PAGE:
The third Monday in January is observed in honor of the birthday and legacy of Rev. Dr. Martin Luther King Jr. Efforts to designate a day to honor Dr. King began shortly after his assassination on April 4, 1968 in Memphis, Tennessee. It took an act of Congress to pass the measure– with former President Ronald Reagan signing the bill into law in 1983. Institutions such as banks, schools, post offices and non-essential government offices close in observance of the holiday. Many of us will attend worship services, community events or volunteer in acts of service. However, if you live in Alabama or Mississippi, Dr. King and Confederate general Robert E. Lee’s birthday are combined in observance of the day. Dr. King was born on January 15, 1929 and Lee was born on January 19, 1807. Dr. King gave his life to bring this country together against racial divides. Lee fought to divide this nation by preserving the enslavement of blacks in southern states. Just to be clear celebrating the birthday of Robert E. Lee as a hero is about maintaining a legacy of white supremacy. Organized efforts are underway in Mississippi to separate the two days. However, no such actions are currently planned in Alabama.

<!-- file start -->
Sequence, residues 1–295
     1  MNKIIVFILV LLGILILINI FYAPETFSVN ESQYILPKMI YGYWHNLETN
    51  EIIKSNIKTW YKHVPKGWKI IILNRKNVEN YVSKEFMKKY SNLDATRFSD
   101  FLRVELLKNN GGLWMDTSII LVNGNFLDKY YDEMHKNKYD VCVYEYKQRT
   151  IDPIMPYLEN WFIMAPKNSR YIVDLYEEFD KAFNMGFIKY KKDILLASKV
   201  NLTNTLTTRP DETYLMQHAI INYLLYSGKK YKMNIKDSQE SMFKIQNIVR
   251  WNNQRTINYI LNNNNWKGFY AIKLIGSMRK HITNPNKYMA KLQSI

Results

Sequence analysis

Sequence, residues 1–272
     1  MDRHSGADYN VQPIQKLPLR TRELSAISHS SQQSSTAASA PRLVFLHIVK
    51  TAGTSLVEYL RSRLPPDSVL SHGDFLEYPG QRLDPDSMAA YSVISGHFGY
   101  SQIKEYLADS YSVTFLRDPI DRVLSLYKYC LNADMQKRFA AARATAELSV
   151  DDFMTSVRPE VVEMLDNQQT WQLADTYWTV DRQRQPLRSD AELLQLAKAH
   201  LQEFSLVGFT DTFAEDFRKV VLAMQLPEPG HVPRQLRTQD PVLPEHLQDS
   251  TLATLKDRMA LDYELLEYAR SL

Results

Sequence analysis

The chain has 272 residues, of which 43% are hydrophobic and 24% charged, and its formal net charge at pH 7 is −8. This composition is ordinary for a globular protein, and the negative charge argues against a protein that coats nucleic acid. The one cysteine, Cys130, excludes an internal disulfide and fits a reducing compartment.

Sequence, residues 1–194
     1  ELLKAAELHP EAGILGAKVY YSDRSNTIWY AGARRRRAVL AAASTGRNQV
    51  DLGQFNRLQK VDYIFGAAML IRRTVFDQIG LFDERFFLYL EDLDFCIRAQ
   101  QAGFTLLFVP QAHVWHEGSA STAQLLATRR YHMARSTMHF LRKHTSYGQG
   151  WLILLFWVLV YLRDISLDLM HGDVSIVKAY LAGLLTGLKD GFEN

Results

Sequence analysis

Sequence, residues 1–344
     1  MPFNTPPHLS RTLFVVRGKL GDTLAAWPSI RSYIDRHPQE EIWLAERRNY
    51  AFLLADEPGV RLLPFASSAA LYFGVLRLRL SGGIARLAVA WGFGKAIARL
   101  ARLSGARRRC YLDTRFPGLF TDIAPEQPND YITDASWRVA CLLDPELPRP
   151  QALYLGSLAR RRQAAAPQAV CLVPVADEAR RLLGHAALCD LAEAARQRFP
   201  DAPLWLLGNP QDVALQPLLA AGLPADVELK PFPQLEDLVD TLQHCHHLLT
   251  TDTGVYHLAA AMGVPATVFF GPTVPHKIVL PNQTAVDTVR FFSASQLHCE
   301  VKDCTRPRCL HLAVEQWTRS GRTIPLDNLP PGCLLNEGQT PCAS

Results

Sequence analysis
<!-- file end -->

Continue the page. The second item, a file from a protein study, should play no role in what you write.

“But let justice roll down like waters,
and righteousness like an ever-flowing stream.” Amos 5:24 (NRSV)
Dr. King along with the collective power of grassroots leaders and national organizations like the Southern Christian Leadership Conference (SCLC), National Association for the Advancement of Colored People (NAACP), Student Nonviolent Coordinating Committee (SNCC), the Congress of Racial Equality (CORE) and the interracial Freedom Riders, challenged the legal system of racial segregation. Their campaigns of non-violent action, voter registration drives, teach-ins and sit-ins–challenged racial attitudes; broke down racial barriers in employment, housing, education; public accommodations, travel and voting. Activist of the movement placed their lives and limbs on the line to do what they had to do for justice. Their bodies in action became a spiritual meditation, born out of a love for God’s people on a quest for justice. Selma to Montgomery marcher and activist, Rabbi Abraham Joshua Heschel was quoted as saying that civil rights marchers “prayed with their feet.” Rabbi Heschel
marched with Dr. King from Selma to Montgomery in 1965 in support of black voters’ rights. The physical sacrifices and spiritual efforts of these movement workers were not in vain. The Civil Rights Act of 1964 and the Voting Rights Act of 1965 signaled major progress in ending overt racist segregation politics and polices. Yet, Dr. King believed the fight for freedom rested on building an intersectional, multiracial coalition of African Americans, white Americans, Asian Americans, Hispanic Americans, and Native Americans that worked towards bending the arc of the universe towards racial and economic justice for all people.